https://en.wikipedia.org/wiki/Equations_of_motion#General_relativity

Which still isn't relevant. Also, you haven't actually pointed out anything that GR can't model, so care to provide at least one example of something regarding the expansion of the universe that GR (note: not BB, GR!) cannot explain?

I guess we'll get to that later, then.

So... have you modeled it yet? Because GR gives a result so accurate and precise, our measurement errors are the limiting factor.

Well, you've got a TOE, so let's see a calculation for the Higgs-boson mass. Or maybe some top-quark cross-section predictions.
Better yet, explain the lifetime of cosmic muons: https://en.wikipedia.org/wiki/Time_dilation_of_moving_particles

5. ### NotEinsteinValued Senior Member

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While I'm waiting for the response to my previous post, let's go over the remaining two texts.

In the introduction it is stated that the modified version of Newton's first law of motion (the "Instantaneous Law of Inertia") can also handle massless particles. I've already explained why this is wrong: Newton's first law also handles massless particles just fine. The rest of the text is just three examples of hitherto "unknown" forces. Let's take a look.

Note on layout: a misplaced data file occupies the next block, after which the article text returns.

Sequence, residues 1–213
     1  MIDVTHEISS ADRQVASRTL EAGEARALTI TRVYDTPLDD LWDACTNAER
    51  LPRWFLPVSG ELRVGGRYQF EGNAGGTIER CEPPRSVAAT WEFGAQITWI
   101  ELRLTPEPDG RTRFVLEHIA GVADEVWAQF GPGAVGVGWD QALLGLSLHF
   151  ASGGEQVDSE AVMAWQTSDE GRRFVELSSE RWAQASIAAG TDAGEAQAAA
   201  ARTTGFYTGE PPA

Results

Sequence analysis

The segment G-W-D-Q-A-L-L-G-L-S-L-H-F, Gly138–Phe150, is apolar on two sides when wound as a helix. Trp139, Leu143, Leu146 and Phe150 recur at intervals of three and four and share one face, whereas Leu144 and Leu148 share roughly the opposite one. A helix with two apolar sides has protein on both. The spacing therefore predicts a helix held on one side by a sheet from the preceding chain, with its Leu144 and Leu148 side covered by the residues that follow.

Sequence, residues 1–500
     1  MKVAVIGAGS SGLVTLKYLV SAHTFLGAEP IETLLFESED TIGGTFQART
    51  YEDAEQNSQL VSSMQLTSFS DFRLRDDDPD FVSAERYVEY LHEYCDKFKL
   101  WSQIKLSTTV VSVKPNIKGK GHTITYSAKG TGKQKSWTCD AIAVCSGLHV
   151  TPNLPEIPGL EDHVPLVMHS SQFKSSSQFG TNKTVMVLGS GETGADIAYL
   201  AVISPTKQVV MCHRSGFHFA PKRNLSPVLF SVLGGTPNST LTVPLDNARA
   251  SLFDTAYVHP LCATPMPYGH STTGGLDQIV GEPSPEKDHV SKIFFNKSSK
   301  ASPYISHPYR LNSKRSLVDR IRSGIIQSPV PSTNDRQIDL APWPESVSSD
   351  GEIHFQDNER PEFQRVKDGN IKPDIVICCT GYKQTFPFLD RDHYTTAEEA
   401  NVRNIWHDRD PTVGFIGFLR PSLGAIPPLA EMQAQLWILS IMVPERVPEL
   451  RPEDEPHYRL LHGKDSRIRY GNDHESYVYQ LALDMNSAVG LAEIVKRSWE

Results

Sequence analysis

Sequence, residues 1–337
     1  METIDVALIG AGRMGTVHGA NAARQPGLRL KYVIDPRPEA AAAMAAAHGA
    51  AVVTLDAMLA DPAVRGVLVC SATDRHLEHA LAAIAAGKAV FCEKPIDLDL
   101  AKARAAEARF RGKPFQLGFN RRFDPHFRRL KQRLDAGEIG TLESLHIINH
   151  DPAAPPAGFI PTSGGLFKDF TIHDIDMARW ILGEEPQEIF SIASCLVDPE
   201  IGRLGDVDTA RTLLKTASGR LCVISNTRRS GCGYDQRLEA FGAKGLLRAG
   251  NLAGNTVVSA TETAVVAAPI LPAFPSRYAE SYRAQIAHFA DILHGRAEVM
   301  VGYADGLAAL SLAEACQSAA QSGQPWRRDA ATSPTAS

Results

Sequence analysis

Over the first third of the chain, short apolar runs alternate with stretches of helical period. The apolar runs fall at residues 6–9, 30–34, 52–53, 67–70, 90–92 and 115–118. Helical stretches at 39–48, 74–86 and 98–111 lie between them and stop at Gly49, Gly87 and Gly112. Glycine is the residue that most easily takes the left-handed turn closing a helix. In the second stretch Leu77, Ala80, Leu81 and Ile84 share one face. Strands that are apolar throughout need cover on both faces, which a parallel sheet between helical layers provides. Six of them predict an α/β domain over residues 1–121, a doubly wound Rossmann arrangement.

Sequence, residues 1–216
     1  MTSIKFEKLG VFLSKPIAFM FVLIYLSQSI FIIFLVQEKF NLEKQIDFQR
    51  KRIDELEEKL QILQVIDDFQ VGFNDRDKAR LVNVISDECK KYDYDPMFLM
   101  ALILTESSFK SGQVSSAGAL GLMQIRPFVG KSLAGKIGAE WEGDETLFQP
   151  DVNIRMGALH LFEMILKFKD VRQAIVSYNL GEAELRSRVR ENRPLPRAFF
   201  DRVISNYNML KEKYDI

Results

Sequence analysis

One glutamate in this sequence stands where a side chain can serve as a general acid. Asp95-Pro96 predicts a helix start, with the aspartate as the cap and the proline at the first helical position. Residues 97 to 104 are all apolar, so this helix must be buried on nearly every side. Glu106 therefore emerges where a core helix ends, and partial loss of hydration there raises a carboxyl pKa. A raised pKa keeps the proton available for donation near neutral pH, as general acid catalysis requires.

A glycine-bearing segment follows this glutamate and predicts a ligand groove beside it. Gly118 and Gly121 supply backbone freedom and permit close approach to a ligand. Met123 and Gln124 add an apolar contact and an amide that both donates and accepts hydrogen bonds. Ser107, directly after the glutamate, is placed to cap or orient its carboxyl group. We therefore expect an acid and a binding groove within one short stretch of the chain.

1) Relativistic length contraction is postulated to be a force. No derivation is given, no proof is presented; it is merely asserted. The text claims that the compressive force doing this is "not yet considered", which is absolutely false: it is fully considered by the special theory of relativity; just not as a force.
It is not mentioned how this supposed compressive force somehow results in the same amount of length contraction irrespective of the rigidity of the object being contracted. It is not explained where the energy to perform this work is coming from. It is only stated that this compressive force is a function of velocity, which of course means it's subtly problematic: the force itself is affecting and changing the velocity.

2) The curving and bending of geodesics is postulated to be caused by a force. Even in the text the contradiction is present: a geodesic is the path followed by a particle not experiencing any force, so, by definition, this postulated force cannot exist. It is summarized perfectly in the sentence: "Even if no force is applied to a particles, this bending force will be applied to the particle."